Cooking with Canola
Canola oil, originally developed for human consumption in Canada, is a low-fat vegetable oil made from the seeds of the rapeseed plant. This mustard relative yields an extract that’s excellent for baking and sauteing and is endowed with various health-promoting compounds.
One tablespoon of canola oil contains 7% of the recommended daily value of antioxidant vitamin K and 10% of vitamin E. The American Institute for Cancer Research reports that vitamin E can help inhibit the growth of prostate cancer cells and tumors. Canola oil is also a source of omega-3 fatty acids. The oil is low in sodium and cholesterol and can be used as a healthy alternative to butter. Still, like all fats and oils, it should be utilized sparingly.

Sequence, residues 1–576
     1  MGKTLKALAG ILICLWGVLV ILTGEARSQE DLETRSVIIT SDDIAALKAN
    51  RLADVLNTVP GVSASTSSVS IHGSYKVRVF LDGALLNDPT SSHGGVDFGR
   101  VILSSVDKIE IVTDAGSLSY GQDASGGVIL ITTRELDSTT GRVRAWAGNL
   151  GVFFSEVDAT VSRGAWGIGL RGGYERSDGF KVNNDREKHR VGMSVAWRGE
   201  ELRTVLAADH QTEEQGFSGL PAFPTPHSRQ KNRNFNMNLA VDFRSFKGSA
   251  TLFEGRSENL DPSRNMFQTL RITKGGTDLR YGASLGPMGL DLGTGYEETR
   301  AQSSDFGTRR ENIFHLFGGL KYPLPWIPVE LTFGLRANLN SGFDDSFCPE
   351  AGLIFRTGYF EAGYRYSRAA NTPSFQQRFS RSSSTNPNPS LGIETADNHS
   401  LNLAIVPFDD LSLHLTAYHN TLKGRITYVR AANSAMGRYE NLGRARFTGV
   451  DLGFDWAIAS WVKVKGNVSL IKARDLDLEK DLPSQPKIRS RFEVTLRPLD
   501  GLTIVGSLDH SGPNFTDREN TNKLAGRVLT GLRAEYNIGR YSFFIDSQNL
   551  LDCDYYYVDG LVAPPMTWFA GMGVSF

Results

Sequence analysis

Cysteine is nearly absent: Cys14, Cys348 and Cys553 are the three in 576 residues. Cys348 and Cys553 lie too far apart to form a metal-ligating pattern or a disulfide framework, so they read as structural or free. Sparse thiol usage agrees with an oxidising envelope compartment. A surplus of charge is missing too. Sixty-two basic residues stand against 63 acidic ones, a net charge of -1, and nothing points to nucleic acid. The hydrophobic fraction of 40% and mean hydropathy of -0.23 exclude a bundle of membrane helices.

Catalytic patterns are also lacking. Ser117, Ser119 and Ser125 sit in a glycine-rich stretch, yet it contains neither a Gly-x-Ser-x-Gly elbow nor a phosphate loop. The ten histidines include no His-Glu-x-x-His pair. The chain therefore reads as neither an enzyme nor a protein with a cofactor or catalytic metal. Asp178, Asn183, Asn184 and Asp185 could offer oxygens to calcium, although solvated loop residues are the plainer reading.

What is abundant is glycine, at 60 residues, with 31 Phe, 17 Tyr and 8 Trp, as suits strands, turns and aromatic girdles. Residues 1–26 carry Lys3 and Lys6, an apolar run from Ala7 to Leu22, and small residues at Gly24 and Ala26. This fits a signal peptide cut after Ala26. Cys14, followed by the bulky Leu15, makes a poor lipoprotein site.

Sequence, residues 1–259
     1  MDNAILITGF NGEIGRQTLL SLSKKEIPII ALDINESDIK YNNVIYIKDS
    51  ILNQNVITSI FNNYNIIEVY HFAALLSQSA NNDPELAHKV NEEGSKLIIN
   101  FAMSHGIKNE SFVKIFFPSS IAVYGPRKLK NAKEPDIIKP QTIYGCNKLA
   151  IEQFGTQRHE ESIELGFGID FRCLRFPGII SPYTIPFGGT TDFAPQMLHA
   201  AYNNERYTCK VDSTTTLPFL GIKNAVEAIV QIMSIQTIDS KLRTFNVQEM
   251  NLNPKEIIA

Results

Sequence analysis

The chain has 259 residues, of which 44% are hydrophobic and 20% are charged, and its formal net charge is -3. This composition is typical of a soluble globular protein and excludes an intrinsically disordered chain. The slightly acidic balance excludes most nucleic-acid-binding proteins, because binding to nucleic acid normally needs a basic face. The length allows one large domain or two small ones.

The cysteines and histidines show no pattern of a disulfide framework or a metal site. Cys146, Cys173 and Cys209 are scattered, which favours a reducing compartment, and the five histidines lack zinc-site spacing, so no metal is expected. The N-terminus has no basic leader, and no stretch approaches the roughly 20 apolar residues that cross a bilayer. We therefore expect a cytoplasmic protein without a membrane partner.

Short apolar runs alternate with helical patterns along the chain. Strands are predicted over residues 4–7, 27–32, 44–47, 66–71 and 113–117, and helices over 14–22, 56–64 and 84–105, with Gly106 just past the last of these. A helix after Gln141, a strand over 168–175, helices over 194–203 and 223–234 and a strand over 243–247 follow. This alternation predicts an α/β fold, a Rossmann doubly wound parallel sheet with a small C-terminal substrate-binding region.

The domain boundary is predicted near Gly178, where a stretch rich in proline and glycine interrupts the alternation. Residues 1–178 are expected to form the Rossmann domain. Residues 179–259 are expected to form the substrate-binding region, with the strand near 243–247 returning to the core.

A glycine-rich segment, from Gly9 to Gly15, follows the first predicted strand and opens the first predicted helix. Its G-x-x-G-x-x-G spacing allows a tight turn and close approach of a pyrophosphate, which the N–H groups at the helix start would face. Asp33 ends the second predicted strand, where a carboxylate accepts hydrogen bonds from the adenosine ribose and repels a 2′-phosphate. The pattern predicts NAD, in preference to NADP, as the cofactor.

Canola is a neutral-tasting oil and a healthier substitute for vegetable or corn oil. It has a high smoke point, making it useful for dishes that need oil at a high heat. Using canola instead of butter will also help cut saturated fat from recipes, and its light flavor won’t interfere with the taste. Canola can also be mixed with olive oil when you want the taste of olive oil but need to cook at higher heat. When possible, choose organic canola oil.
When substituting oil for butter in baking use ¼ less oil than the recipe requires of butter. Try this out with an easy recipe like CFYL’s Walnut Raisin Banana Bread, using 4 ½ tablespoons canola oil instead of butter.
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